After Donald Trump became the second Republican in this century—and only the fifth candidate in history to win the Presidency despite losing the popular vote—there has been increased scrutiny by many on the left about the electoral college and how much sense it really makes in the 21st century.
We already know that the electoral college makes people’s votes have a significantly different weight depending on what state you live in. For example, Missouri has 10 electoral votes and 6.1 million people making roughly 460,000 people per electoral vote. This is far more than smaller states like Delaware which has only 231,000 people per electoral college vote or Wyoming which has only 143,000 people per vote.
But the discrepancy is even larger for states bigger than Missouri. Illinois has about 485,000 people per vote and New York has over 519,000. Basically, this all boils down to the fact that if you live in a smaller state, your vote counts more toward the actual outcome of the election as a direct result of the electoral college.
As someone who lives in Missouri—a medium-sized, non-swing state—this is unacceptable because it means that not only does my vote essentially not count (because, barring a landslide, the Republican is always going to win statewide for President and thus get all of the state’s electoral votes), but it also means that my vote and the votes of all Missourians count for less than the votes of people who live in neighboring states like Iowa or Kansas.
In other words, the electoral college is an anti-democratic and unconstitutional institution. In regards to the fact that by making some people’s votes worth more than others to the outcome of the election, it violates the principle of “one man, one vote” and gives outsize political power to voters in smaller states.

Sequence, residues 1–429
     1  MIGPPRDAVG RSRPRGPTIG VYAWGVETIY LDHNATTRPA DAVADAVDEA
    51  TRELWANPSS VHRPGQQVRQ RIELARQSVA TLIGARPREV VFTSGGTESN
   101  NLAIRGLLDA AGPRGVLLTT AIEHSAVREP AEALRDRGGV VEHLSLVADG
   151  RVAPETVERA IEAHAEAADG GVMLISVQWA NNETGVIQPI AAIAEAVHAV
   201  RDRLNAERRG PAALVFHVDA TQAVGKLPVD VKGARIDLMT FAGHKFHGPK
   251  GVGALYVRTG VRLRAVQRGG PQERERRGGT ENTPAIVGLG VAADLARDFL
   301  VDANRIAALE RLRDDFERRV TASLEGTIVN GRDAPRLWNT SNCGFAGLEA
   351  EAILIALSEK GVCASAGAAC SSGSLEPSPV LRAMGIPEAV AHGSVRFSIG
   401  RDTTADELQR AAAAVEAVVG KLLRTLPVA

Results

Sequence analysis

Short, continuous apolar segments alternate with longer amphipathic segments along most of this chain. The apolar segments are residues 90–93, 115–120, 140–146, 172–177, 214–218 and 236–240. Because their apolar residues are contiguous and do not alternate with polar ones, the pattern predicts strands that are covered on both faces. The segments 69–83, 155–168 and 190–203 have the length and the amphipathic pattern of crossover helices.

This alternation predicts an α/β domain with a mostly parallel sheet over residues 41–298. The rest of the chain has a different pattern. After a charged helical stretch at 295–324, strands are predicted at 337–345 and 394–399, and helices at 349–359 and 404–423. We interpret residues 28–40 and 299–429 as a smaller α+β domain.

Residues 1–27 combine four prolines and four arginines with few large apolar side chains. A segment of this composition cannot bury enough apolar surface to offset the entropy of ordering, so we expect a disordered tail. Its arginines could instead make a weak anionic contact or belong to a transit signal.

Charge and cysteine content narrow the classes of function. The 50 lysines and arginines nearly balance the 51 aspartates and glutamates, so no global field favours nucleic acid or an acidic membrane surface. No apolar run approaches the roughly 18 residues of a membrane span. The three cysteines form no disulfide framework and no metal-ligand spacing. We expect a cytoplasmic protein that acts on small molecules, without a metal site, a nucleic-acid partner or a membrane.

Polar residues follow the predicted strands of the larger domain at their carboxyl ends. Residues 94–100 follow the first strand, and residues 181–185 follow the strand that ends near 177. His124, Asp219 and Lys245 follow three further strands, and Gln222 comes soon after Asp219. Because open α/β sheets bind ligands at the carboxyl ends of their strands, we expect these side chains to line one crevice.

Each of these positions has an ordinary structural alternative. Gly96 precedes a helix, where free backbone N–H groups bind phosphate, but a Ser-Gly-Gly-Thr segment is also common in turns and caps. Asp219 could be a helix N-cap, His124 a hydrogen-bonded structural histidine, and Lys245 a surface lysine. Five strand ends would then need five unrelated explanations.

The reasons why the electoral college has become so uniquely dysfunctional and undemocratic aren’t that hard to uncover: it’s because the founding fathers wanted it that way. Something that I always find hard to keep in mind yet am constantly being reminded of is the fact that the founding fathers were, by and large, against the idea of democracy.
All being fairly wealthy, they feared redistribution of wealth, which they thought democracy would inevitably bring. So when they wrote the new Constitution, they made sure to put in plenty of mechanisms to restrict voting power to a handful of wealthy individuals and to dilute the power of the masses. This is why, under the original Constitution, you had to own a certain amount of property and be a white adult male in order to vote. It’s also why, under the original, senators weren’t elected by the people, but rather chosen by the state legislatures.
Over time, as American society has trended towards democracy and equality, we have eliminated these vestiges of the past age, allowing for nonwhites, women and poor people to vote for direct election of Senators. However, one final fossil from our nation’s founding remains: the electoral college.
If you’re from a small state—or if you’re a Republican—and thus your party has benefited most recently from the electoral college, you might be content to ignore all this and continue to bask in the glory of your more powerful vote. Unfortunately for you, that might not be a good idea. True, the most recent examples of the electoral college overriding the popular will have been in favor of Republicans, but that doesn’t mean the next one will be.
It could very well be that in the coming election cycles there’s an instance where a Republican wins the popular vote but loses the electoral college. When that happens, I won’t say I told you so, but I will try again to convince you that for the sake of democracy, the electoral college has got to go.